Click on the item to reveal definition & description
Aluminium is a silvery-white metal. It is the most widespread metal on Earth, making up more than 8% of the Earth’s core mass. It’s also the third most common chemical element on our planet after oxygen and silicon.
Spinach, potatoes, processed cheese, aluminum cookware, drinking water, preservatives
This is a shiny grey metal and is hugely flame retardant. About 60% of antimony is consumed in flame retardants, and 20% is used in alloys for batteries, plain bearings, and solders.
Carpets, tobacco smoke, paints, glass, foods stored in enamel vessels and cans. Cereals, meat, and eggs.
Arsenic is a natural component of the earth’s crust and is widely distributed throughout the environment in the air, water and land.
Rice, drinking water, tobacco smoke, fish, shellfish, meat, poultry, dairy products, cereals, and pesticides
Barium is a soft, silvery alkaline earth metal.
X-ray contrast media, Brazil nuts, seaweed, and fish
Beryllium is usually occurring as a product of the spallation of larger atomic nuclei that have collided with cosmic rays. Within the cores of stars, beryllium is depleted as it is fused into heavier elements.
Drinking water. Breathing in vapors or dust. Fruits, vegetables, meats and shellfish.
Bismuth is a pentavalent post-transition metal and one of the pnictogens with chemical properties resembling its lighter homologs arsenic and antimony.It is a brittle metal with a silvery white color when freshly produced, but surface oxidation can give it a pink tinge.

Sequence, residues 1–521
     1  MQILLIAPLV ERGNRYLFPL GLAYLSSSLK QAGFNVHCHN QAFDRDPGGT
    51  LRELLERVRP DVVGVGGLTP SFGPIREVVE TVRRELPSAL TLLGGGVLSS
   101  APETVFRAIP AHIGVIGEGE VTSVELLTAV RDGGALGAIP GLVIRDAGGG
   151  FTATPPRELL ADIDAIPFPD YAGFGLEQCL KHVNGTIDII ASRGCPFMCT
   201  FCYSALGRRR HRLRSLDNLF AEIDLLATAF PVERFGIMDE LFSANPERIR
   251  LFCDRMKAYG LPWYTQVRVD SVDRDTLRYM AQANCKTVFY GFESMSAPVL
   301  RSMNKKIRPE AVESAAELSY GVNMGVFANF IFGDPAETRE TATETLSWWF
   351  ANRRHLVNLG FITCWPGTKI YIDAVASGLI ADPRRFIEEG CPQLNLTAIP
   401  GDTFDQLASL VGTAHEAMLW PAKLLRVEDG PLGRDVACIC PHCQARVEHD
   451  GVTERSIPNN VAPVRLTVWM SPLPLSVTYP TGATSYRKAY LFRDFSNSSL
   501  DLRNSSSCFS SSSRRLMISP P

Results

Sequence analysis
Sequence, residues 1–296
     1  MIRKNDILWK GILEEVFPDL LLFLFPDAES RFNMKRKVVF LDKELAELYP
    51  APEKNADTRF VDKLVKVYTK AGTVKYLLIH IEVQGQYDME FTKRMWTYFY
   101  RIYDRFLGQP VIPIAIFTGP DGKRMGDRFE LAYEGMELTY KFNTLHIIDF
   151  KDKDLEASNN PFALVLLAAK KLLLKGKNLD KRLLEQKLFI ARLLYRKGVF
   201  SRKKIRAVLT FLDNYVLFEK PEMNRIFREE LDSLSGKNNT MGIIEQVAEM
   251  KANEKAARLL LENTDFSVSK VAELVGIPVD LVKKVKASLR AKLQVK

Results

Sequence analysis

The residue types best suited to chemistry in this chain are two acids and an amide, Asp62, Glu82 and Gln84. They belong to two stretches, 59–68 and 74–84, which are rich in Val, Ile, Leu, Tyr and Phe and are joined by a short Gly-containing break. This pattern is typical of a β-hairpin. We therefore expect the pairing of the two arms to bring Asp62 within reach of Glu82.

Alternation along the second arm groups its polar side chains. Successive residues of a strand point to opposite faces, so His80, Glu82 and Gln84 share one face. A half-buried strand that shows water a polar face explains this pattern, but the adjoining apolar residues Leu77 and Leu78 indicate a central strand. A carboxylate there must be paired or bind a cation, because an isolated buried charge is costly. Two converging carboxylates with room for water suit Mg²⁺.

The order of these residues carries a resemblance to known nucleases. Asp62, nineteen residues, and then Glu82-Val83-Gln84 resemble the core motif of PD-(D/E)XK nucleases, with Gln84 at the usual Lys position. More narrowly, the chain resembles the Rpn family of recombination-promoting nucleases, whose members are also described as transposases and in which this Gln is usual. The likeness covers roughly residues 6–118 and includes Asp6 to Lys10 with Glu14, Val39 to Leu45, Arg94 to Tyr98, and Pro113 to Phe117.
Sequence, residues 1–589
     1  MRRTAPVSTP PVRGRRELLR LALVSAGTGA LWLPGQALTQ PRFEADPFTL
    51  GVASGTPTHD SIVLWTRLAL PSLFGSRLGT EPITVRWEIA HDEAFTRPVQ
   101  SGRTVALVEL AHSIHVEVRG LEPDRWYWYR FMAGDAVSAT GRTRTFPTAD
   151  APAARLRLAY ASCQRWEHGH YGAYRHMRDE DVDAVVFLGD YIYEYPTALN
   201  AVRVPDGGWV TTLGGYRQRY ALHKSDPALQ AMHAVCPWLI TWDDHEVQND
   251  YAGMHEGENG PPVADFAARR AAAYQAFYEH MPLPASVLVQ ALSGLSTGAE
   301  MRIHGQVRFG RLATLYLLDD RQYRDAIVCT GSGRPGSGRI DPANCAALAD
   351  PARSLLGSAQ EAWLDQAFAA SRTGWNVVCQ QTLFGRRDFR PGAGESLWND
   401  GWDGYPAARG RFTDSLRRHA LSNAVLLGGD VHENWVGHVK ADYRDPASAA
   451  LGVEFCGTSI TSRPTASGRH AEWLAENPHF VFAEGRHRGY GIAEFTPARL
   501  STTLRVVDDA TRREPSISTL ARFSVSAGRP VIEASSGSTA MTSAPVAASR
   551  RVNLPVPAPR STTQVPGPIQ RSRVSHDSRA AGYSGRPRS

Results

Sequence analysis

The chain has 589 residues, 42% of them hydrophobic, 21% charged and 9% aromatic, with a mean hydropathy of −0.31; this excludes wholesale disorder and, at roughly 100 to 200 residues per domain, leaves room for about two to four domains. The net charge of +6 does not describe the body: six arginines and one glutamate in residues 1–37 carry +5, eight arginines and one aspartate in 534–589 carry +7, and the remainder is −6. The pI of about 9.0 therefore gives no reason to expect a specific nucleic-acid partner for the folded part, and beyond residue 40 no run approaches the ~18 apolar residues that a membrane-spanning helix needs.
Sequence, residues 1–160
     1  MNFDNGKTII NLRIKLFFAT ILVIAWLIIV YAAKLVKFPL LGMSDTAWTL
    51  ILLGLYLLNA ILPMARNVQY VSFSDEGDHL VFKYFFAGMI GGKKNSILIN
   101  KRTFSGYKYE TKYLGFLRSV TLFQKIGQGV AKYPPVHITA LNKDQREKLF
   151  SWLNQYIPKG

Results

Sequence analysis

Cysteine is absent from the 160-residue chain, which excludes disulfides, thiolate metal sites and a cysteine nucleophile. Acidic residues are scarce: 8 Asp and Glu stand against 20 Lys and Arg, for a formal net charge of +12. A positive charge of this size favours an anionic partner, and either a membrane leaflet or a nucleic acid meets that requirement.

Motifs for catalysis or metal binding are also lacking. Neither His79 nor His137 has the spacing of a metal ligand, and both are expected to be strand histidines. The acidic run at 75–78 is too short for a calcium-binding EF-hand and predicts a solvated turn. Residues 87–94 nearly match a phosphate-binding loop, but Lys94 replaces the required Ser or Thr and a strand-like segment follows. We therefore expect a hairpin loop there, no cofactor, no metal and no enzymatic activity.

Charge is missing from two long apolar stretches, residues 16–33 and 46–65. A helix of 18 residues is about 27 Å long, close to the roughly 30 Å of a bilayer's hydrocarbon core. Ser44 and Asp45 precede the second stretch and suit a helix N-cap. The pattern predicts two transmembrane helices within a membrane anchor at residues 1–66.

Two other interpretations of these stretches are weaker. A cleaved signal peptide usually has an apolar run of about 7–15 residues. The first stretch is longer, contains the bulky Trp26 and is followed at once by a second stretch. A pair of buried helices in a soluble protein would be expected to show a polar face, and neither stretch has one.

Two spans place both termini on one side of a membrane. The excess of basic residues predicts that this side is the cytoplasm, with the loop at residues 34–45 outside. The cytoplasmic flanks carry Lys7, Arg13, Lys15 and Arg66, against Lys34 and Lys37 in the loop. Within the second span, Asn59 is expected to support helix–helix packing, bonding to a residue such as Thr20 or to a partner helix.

Pharmaceuticals (including Pepto Bismol), x-ray contrast media, alloys, paints, and ceramic (as a pigment)
Cadmium is a chemical element in the earth’s crust.
Tobacco smoke, cereals, vegetables, nuts, starchy roots or potatoes, and meat and meat products. Pigments, coatings and plating, manufacture of plastic products.
Cesium is a soft, silvery-golden alkali metal. It is a very ductile, pale metal, which darkens in the presence of trace amounts of oxygen.
Breathing air, drinking water, pastuerized milk, rice, wheat, fish, rocks, soil, dust.
Chromium is a steely-grey, lustrous, hard and brittle transition metal. Chromium is the main additive in stainless steel, to which it adds anti-corrosive properties.
Paint, cement, detergents, bleaches, shampoos, drinking water, broccoli, egg yolks, and processed meats.
Cobalt is found in the Earth’s crust only in chemically combined form, save for small deposits found in alloys of natural meteoric iron. The free element, produced by reductive smelting, is a hard, lustrous, silver-gray metal.
Fish, nuts, tomatoes, leafy green vegetables, such as broccoli and spinach, and cereals, including oats.